Art and Shitholes January 15, 2018 05:57

Laurie Lipton is an artist whose work I have enjoyed for years. I was originally attracted to her pencil drawings of people with skull heads (she was doing this kind of work long before the Day of the Dead craze took off). Her drawing called "Love Bite" of a happy mom-type about to bite into a baby's head as if it were an apple is one of my most favorite of hers. Her work is very detailed, photorealistic even, and much of it is on a grand scale. She's done plenty of art recently about the destructive effects of technology and on social isolation, so she is not one of those artists who is photorealist so that you can admire her technique. She has a social consciousness.

That's why I kind of had to laugh at some folks' distraught reaction to her recent work, "Post-Truth," which features a Trump head among many other things. She posted about it on her Facebook page as "Portrait of a Shithole," a detail of which is shown here. This thing is huge (or should I say "yuge") at 8 x 4 feet. I have been amazed at her ability to create such enormous pencil works, and the detail is awe-inspiring.

Re this work, some soreheads posting comments on it objected to art being anything but "beautiful," which apparently is the same thing as "decorative" to many people. 

Art can be beautiful and yes, decorative too. Heck, people have hung Jackson Pollack paintings to go with their sofa. I totally have enjoyed painting things that to my mind were about beauty in the form of a kind of spiritual stillness. In fact, the portrayal of that spiritual stillness is one of the things that I consider I can give to my society as an artist. I was very pleased when recently someone commented on a painting of mine saying he wished he could have it hanging in his office because of the way it made him feel.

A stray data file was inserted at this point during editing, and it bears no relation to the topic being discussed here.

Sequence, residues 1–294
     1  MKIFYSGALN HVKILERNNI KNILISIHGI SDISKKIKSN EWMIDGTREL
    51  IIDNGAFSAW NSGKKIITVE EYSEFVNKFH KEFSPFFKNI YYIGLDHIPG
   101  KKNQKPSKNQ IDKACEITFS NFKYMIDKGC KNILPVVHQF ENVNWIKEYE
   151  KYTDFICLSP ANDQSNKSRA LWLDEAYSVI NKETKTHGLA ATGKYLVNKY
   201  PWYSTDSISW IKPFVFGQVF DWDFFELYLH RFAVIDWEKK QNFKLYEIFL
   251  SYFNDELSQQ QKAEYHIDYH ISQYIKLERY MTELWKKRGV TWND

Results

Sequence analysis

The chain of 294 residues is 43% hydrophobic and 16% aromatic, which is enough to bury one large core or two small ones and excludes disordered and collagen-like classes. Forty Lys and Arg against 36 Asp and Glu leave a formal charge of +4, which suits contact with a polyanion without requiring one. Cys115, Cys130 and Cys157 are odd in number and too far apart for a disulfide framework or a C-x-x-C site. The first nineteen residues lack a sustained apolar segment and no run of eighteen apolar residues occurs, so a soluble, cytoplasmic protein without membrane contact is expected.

Making that kind of art is something I can do, but I don't think it's the only thing art can do or what art is "about." Art is about our world, about us and our relationship to it. And that includes not only the spiritual aspect of our lives but our political and social aspects. Why should it NOT?

IMO, we need political art and art that is social commentary as much as we need art about spiritual stillness. Maybe more. Because the difference between art that is political and agitprop is that art has the capacity--the opportunity--to be subtle, to make us question, whereas agitprop is usually part of an echo chamber. 

For instance, the sorehead objecting to the depiction of a Trump head in Lipton's drawing of a huge machine pouring out smiley faces claimed that an equivalent would be if he depicted Hillary Clinton in a sex show with a donkey. I don't know, but to me, a Trump head is really a long way away from a sex show with a donkey. The Trump head is a small part of the huge machine depicted in this work, almost like a ventriloquist's dummy. The real focus of the work is not even Trump at all but our whole society that is fine with manufacturing "happiness" in the form of "likes." So there is a subtlety there that an image of Hillary Clinton having a sex with a donkey just lacks. Her having sex with a donkey is something that probably would go over well with the Trumpites. It's an echo chamber thing. It is never going to convince anyone that Clinton is bad. And I say that as someone who never supported her because of her actions, so it's not like I believe she is holy. 

It's as if the sorehead who objects to a Trump head in this work thinks that artists should not be allowed to depict presidents except in a sanctifying, "respectful" way.

That's not our job. That's a flunkey's job. Artists should not be flunkeys. We already have tons of those, and they make way more money than the vast majority of artists ever will.

Artists have other work to do. We are the professional outsiders of our society. We can take up the work of showing a perspective that is NOT mainstream, that does not laud the mediocre and the business-as-usual. That rejects conformity.  

Some of us make social commentary. Some of us make works about spiritual stillness. Some of us create shocking things. Others point us to the unnoticed, the tiny details of our lives, so that we might truly see them and be mindful.Those works can all include beauty, but that is not what they are about. 

Art is more than beauty. It is power--the power to affect the viewer in various, unexpected ways.